Developer Elmloch has submitted a planning application for the Hotspur Press site, designed by Hodder + Partners, outlining the proposals for a façade retention and construction of a 28-storey tower.
Elmloch, a joint venture between MCR Property Group and Blue Dog Property, has been exploring regeneration plans for the Gloucester Street site since MCR acquired the plot in 2015.
The largest building is the 56,000 sq ft Hotspur Press warehouse, built in 1801, alongside an 1880s element. As part of Hodder’s designs, the warehouse would be partially demolished, leaving the curved façade of the 1880s warehouse, with a 28-storey tower to be built behind to house 171 apartments.
The tower will include one and two-bed apartments alongside four commercial units at ground floor level for retail or restaurants.
A public square is proposed to open up access from Gloucester Street through to First Street as well as providing space along the River Medlock. There are proposals to retain the arches facing Gloucester Street between the existing railway arch and the Press’ façade.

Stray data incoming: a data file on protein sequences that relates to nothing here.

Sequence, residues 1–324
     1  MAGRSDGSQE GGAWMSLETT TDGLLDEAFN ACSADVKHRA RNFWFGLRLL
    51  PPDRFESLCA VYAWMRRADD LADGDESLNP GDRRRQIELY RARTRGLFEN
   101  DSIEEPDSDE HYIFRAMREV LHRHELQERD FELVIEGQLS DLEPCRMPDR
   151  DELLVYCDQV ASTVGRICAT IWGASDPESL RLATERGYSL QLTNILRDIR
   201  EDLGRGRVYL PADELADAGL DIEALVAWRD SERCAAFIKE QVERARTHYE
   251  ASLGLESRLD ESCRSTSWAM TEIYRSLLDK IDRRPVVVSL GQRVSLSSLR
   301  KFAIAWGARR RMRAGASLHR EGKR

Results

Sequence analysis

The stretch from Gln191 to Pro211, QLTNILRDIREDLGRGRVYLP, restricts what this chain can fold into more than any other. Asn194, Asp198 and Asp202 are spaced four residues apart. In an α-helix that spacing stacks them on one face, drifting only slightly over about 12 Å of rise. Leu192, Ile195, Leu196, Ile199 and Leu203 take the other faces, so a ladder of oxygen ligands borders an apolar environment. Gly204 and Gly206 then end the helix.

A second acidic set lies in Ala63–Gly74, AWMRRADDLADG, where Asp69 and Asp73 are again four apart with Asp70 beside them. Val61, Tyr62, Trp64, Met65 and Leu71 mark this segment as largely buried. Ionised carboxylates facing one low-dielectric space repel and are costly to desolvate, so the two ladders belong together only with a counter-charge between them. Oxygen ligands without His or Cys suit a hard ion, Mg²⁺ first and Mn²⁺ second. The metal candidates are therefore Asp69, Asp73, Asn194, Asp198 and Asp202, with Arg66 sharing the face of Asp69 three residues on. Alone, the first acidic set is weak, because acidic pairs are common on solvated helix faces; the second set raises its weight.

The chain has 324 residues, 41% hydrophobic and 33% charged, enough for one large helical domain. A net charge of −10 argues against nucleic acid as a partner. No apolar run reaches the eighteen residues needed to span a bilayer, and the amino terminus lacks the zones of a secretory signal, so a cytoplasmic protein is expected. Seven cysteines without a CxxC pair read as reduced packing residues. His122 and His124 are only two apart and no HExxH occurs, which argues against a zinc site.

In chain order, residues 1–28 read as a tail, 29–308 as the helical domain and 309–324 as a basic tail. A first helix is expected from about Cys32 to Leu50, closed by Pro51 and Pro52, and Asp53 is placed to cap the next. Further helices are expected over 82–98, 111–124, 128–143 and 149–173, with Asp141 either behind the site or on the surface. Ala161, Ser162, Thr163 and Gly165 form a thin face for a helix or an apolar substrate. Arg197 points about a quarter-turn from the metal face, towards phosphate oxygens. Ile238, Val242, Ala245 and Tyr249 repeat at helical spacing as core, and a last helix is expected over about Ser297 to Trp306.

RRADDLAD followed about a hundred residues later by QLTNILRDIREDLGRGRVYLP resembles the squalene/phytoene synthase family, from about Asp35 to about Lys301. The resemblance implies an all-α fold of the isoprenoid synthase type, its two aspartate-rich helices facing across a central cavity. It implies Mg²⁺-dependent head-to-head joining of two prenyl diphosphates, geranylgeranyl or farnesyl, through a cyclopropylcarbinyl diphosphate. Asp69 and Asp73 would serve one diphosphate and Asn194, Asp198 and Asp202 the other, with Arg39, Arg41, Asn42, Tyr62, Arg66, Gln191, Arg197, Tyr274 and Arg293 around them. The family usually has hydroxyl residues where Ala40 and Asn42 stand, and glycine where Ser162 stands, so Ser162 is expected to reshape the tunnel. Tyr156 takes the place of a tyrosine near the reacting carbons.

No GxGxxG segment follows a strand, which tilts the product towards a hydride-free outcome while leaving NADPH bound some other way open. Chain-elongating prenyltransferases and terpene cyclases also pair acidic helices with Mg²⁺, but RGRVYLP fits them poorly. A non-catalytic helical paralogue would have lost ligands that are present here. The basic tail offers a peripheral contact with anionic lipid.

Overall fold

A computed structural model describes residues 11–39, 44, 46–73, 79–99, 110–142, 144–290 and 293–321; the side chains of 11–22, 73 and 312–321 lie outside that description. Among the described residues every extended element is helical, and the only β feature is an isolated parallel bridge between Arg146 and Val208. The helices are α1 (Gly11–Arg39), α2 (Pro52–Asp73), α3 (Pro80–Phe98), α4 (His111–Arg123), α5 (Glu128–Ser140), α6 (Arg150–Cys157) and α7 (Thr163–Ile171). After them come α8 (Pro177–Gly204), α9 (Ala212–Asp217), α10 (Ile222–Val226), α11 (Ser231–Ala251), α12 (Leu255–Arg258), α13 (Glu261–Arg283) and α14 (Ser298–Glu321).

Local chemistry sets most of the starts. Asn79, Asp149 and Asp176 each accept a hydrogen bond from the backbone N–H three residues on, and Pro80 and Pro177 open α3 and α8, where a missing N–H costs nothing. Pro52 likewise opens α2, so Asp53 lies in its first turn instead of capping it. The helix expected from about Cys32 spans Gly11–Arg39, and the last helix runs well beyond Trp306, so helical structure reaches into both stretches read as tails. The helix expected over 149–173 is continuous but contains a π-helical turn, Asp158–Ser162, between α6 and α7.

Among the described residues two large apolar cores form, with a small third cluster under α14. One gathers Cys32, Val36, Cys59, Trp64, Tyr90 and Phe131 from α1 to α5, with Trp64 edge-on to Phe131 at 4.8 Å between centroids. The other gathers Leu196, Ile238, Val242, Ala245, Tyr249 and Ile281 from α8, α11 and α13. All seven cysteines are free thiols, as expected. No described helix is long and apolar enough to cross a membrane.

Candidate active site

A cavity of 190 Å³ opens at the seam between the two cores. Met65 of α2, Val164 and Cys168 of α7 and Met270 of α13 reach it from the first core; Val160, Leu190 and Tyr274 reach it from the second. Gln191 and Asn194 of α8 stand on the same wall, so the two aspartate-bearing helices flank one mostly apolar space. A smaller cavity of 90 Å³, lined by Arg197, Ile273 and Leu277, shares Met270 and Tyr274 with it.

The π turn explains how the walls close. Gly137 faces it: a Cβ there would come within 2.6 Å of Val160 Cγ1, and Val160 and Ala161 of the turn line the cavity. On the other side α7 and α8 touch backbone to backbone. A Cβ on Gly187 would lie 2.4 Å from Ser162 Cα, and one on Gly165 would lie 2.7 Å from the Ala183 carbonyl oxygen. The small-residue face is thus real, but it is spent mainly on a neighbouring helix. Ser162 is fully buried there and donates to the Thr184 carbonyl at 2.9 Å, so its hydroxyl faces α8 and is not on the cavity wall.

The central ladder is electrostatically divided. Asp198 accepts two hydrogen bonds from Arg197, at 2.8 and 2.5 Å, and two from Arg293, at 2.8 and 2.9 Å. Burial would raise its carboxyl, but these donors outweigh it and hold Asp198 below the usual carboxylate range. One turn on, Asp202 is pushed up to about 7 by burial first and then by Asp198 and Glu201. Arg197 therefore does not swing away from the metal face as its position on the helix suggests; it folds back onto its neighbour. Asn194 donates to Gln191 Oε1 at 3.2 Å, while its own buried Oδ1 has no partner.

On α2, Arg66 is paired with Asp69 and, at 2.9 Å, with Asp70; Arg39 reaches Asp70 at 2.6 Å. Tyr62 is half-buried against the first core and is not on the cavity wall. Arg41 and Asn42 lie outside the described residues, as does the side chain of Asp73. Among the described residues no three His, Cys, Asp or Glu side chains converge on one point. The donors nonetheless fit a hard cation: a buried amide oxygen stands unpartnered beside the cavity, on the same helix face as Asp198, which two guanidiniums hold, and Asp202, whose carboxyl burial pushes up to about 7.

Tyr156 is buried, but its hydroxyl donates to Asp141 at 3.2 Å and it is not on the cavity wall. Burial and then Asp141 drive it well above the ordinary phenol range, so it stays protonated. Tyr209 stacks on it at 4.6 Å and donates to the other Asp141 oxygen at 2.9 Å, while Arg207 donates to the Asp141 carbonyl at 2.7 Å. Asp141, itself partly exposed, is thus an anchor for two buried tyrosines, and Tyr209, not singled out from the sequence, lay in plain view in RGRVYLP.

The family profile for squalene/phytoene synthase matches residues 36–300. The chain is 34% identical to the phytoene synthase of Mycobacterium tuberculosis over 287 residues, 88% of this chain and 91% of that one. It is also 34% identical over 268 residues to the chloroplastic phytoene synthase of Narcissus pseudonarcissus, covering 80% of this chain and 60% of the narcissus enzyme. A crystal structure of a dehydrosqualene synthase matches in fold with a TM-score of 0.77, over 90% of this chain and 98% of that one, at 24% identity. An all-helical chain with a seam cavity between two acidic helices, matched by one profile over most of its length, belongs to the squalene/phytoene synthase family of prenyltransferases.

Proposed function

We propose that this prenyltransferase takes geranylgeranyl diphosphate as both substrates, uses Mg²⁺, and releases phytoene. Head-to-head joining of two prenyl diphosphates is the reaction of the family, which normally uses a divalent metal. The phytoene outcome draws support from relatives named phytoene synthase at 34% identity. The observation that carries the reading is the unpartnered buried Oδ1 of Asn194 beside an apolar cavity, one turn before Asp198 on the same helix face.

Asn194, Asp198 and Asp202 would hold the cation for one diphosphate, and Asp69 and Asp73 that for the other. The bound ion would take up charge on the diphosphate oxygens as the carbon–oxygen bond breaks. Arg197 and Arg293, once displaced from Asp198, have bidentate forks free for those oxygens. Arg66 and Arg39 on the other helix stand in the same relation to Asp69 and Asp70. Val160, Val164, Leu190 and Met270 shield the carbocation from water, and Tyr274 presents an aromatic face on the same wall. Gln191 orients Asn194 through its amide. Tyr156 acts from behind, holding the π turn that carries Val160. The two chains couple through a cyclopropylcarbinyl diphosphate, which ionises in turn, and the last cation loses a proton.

Advising on the development is planning consultant Deloitte, alongside Stephen Levrant Heritage Architecture and Exterior Architecture.
Nick Lake, fund manager on behalf of Elmloch, said: “Both public consultations allowed us to engage the community fully and ensure they had a say in the redevelopment of this highly significant site. We feel our plans capture the heart of the original Hotspur Press buildings, while introducing a stunning new addition to Manchester’s skyline.”
Hotspur Press, a Victorian landmark, was originally a cotton warehouse named Medlock Mill, and sits behind Oxford Road station.
Stephen Hodder said: “This is a compelling development and our proposals seek to retain the most valuable elements of the building. Hotspur Press is more than simply the building: the site is an important gateway from the south along Cambridge Street and from First Street to the city.
“It is an equally important visual moment along Whitworth Street West, so our plans also include a new urban landmark in response to the site’s significance.”
Subject to planning consent, the scheme could start on site next summer. A main contractor is yet to be appointed.